Mother Earth Monday – Backpacking Gear Weight Calculator

Over the years, I’ve have amassed a reasonably large collection of camping gear. Some of it I’ve outgrown or had meet the end of its useful lifespan. Some of it I gave away to younger hikers who were just getting started and didn’t have the gear they needed. The rest is either still in use or sitting in a trunk dedicated to hiking. I have a lot of options when it comes to what I take on any given trip.


Because of this, one tool I picked up almost a decade ago has proven itself time and again. It exists only on my computer, but serves to make it very easy to pick and choose my gear quickly. That tool is the Backpacking Gear Weight Calculator. The system is pretty simple, so just about anyone can work with it.

For each item, you enter a category, the name of the item, the weight and any notes you might want to include. Everything in a given category will sit in a single area, so you don’t have to go hunting them down. Weights can be Metric or Standard/Imperial, so no fights about how the system it uses doesn’t make sense to you. (I have some opinions on that topic, but this isn’t really the place for a rant.)

Here’s where the tool really shines. You are able to check and uncheck the various items on the list and it will total the weight in real time for you. You can see very quickly how removing just a handful of items or replacing them with lighter versions can have a huge impact on your total weight. You can also see where there is some give that lets you accept a few extra ounces for some comfort item you’d really like to have.

There is something empowering about being able to see in absolute terms exactly what each comfort is costing you in weight. This is how I was able to get my weight down to 36 pounds (including food) for the start of the Appalachian Trail. I had several things that were really more comfort than necessity. I probably could have gotten it down under 30 if I’d wanted, but I am not a purely ultralight hiker. I like some camp comforts enough to accept their weights.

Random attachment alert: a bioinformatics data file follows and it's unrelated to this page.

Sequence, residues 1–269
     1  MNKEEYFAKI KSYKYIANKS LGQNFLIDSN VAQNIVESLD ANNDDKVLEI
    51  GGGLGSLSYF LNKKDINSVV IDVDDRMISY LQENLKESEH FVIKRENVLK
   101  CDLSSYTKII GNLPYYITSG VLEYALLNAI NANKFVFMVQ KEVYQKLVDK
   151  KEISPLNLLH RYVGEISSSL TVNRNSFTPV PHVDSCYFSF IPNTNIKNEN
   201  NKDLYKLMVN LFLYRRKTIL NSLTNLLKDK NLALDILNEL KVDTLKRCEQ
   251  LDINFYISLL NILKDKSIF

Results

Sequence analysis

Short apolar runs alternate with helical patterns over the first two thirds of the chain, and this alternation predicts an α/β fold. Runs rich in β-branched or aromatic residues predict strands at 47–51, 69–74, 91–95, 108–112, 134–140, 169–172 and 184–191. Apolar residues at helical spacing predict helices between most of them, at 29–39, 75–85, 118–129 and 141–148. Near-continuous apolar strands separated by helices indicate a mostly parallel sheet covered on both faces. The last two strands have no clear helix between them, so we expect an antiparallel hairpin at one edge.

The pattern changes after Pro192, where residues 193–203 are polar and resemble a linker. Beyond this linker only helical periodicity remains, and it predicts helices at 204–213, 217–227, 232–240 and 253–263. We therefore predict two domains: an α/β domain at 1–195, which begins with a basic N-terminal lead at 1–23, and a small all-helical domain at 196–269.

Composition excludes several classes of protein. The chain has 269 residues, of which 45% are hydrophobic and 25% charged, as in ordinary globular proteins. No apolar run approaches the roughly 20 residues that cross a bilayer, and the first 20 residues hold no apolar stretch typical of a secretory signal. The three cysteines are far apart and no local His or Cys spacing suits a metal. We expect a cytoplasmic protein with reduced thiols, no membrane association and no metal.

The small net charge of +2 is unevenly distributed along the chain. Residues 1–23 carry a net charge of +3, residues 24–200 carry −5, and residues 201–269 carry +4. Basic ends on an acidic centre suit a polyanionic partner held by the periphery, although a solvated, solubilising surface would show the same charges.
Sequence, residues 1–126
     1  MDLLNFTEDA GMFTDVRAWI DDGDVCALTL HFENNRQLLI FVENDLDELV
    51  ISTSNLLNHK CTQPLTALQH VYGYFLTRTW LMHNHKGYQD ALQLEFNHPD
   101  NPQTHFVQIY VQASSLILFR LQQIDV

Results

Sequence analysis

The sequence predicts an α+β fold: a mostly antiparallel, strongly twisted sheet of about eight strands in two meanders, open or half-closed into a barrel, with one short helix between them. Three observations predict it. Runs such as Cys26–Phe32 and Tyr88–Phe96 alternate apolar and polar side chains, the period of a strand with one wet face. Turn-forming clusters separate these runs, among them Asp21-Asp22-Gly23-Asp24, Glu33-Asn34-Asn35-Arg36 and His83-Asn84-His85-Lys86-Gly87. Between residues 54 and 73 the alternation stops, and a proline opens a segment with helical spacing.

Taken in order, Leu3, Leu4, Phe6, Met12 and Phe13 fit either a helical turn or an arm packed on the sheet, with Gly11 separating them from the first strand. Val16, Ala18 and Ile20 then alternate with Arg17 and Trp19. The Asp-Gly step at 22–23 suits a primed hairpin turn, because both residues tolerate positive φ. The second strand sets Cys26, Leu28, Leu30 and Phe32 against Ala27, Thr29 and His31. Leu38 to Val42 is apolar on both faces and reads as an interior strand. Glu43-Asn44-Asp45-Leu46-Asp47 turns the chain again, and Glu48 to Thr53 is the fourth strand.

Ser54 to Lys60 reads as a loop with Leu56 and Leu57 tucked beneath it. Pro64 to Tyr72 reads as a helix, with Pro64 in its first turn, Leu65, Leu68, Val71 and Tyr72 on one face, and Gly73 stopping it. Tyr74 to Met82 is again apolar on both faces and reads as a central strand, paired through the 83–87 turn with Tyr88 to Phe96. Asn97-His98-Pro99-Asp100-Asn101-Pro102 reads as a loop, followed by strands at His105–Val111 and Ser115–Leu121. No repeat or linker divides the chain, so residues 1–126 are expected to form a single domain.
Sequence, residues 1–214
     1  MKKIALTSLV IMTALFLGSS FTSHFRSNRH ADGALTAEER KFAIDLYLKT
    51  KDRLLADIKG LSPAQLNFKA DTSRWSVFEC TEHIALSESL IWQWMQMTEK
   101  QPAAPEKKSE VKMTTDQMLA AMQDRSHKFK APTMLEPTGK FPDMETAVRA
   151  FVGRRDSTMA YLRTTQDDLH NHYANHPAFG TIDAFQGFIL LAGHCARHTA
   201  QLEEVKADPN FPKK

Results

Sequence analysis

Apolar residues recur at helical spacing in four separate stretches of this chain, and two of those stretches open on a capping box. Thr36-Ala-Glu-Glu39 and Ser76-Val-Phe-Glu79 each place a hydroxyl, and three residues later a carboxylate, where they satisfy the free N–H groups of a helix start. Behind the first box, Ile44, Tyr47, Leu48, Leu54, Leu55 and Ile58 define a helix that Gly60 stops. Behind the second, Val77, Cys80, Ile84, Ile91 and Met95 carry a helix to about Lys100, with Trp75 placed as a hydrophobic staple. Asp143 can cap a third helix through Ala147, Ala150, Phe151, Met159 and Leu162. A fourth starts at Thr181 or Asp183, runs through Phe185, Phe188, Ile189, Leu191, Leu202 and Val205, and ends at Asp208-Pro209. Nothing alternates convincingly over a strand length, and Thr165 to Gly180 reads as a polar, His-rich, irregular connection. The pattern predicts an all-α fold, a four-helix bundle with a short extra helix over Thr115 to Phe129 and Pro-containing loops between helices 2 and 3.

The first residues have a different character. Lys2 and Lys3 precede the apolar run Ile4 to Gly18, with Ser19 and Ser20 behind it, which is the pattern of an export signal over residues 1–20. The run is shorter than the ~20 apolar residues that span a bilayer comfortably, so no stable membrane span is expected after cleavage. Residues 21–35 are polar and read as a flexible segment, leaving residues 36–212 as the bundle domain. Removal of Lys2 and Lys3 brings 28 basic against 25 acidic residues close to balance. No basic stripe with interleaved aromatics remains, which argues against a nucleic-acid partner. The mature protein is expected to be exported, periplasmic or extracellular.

When I know there isn’t a lot of hiking, I might up the weight and add a few extra items. If I know an area will be short on water, I can see what the extra water containers are going to add to my total weight. If I know there are going to be a lot of hard hikes on the trip, I might decide to let go of some comfort items to get my weight down a little more. To me, being able to see the impact of my decisions makes a huge difference in what I pack. I have a bad habit of thinking just ‘one more thing’ isn’t going to hurt.

Give it a shot and see if you like it. You can find it on along with its history, usage and tutorials. Download the Backpacking Gear Weight Calculator here. Let me know what you think if you end up using it. Hopefully it will make your trips out into Mother Nature a little more pleasant and remove the guesswork from packing.

What are your thoughts?

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